- Animal bone
Once the finds reports are completed the finds themselves are returned to the barn for storage.
Over the years we have also developed reference collections of:
- Ceramic Building Material (CBM)
- Geological samples
- Animal bones
Small finds which are typically small in number but rich in information, are processed, stored and reported separately.
Environmental/soil samples are collected from excavations and passed to an expert who processes the samples via flotation tanks and develops reports which are then incorporated into the overall excavation analysis and reporting.
At the barn we also carry out training and educational sessions for members.
As of Autumn 2020 ongoing research and study of the area continues to the north and east of the walled town including the grounds of Caistor Hall Hotel, Burnthouse Farm and Friston Field. This involves geophysical surveys undertaken by Dr. Dave Bescoby supported by members of the Project followed by targeted evaluations by mean of trial trenching and also ground penetrating radar surveys of the town site.
Tas Valley Project
To better understand Caistor St Edmund, we need to be able to try and interpret it in the context of the Tas Valley area as a whole. The town sits in an area rich in prehistoric remains and must have been important to humans from long before the Romans arrived and over the centuries since then. As well as historical research our field group surveys local properties and the rural landscape.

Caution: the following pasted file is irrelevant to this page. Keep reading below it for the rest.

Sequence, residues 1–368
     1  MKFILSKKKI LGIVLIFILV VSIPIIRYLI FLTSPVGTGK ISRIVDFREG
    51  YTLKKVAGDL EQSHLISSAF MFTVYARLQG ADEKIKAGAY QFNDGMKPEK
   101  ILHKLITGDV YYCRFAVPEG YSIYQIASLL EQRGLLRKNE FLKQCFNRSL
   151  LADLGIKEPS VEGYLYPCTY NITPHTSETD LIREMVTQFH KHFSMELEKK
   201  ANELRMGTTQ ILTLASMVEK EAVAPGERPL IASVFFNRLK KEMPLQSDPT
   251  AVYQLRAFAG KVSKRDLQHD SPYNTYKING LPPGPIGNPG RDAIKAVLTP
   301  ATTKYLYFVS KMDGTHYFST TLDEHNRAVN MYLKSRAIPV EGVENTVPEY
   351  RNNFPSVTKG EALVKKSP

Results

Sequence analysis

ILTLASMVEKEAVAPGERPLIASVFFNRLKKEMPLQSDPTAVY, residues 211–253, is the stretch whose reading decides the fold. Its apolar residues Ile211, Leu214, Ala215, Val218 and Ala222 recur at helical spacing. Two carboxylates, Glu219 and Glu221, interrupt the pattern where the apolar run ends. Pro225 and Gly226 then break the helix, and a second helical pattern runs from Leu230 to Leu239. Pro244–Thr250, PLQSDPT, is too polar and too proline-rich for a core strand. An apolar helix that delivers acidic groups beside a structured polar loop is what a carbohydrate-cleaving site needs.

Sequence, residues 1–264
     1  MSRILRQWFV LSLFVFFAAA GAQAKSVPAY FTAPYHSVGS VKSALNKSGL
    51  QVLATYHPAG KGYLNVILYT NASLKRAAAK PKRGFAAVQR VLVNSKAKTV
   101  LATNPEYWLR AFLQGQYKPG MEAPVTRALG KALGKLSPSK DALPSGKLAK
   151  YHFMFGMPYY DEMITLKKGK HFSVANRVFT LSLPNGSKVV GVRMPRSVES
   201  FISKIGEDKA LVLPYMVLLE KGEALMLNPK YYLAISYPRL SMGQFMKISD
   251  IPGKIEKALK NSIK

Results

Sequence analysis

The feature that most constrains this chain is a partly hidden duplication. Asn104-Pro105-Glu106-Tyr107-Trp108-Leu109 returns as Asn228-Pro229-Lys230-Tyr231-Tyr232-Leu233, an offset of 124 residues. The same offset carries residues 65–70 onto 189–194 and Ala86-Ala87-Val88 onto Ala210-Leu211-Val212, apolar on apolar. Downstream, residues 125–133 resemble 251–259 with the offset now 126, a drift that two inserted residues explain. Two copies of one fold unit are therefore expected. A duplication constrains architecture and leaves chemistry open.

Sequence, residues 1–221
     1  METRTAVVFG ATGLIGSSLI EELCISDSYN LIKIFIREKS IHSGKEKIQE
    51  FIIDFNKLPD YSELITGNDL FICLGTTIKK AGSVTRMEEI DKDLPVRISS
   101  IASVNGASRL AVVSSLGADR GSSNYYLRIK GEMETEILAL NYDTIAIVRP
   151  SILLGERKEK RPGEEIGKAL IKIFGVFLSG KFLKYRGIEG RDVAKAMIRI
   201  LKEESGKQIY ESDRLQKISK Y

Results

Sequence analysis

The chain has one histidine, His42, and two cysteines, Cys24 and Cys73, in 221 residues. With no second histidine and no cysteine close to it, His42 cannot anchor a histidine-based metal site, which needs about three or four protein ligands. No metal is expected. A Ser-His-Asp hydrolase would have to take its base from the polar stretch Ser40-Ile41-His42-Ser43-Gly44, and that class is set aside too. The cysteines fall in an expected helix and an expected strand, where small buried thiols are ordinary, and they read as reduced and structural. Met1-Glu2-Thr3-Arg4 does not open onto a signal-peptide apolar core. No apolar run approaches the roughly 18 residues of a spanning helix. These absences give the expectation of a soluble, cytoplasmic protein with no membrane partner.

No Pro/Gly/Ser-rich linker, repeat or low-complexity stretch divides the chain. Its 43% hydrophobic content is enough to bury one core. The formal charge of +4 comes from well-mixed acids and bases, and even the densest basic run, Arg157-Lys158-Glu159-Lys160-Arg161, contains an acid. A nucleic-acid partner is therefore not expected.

We have a clear methodology based on best practices from BAJR and Historic England which we are refining to meet the evolving needs of our research. Our aim is also to validate the oral and written histories of a particular parish using an archaeological approach.
Desk based assessments and research
Desk based research of the Anglo-Saxon cemetery in Park field including a review of the Accession Records held by the Norfolk Museum Service with a view to conducting a re-examination of the material assemblages as and when this becomes feasible.
This would include the cremation urns held in the Museum collection. It is also hoped to establish whether or not any human skeletal remains from Surgeon Commander Mann’s excavation of the cemetery have been retained and if so whether or not samples could be made available for laboratory analysis using modern analytical techniques.
Post Excavation and Reporting
Work is underway to process the finds and prepare the reports following the recent summer excavation and on completing the reports from previous excavations that yet to be published.
Access to further details on these and other ongoing/active projects is restricted to members working on those projects.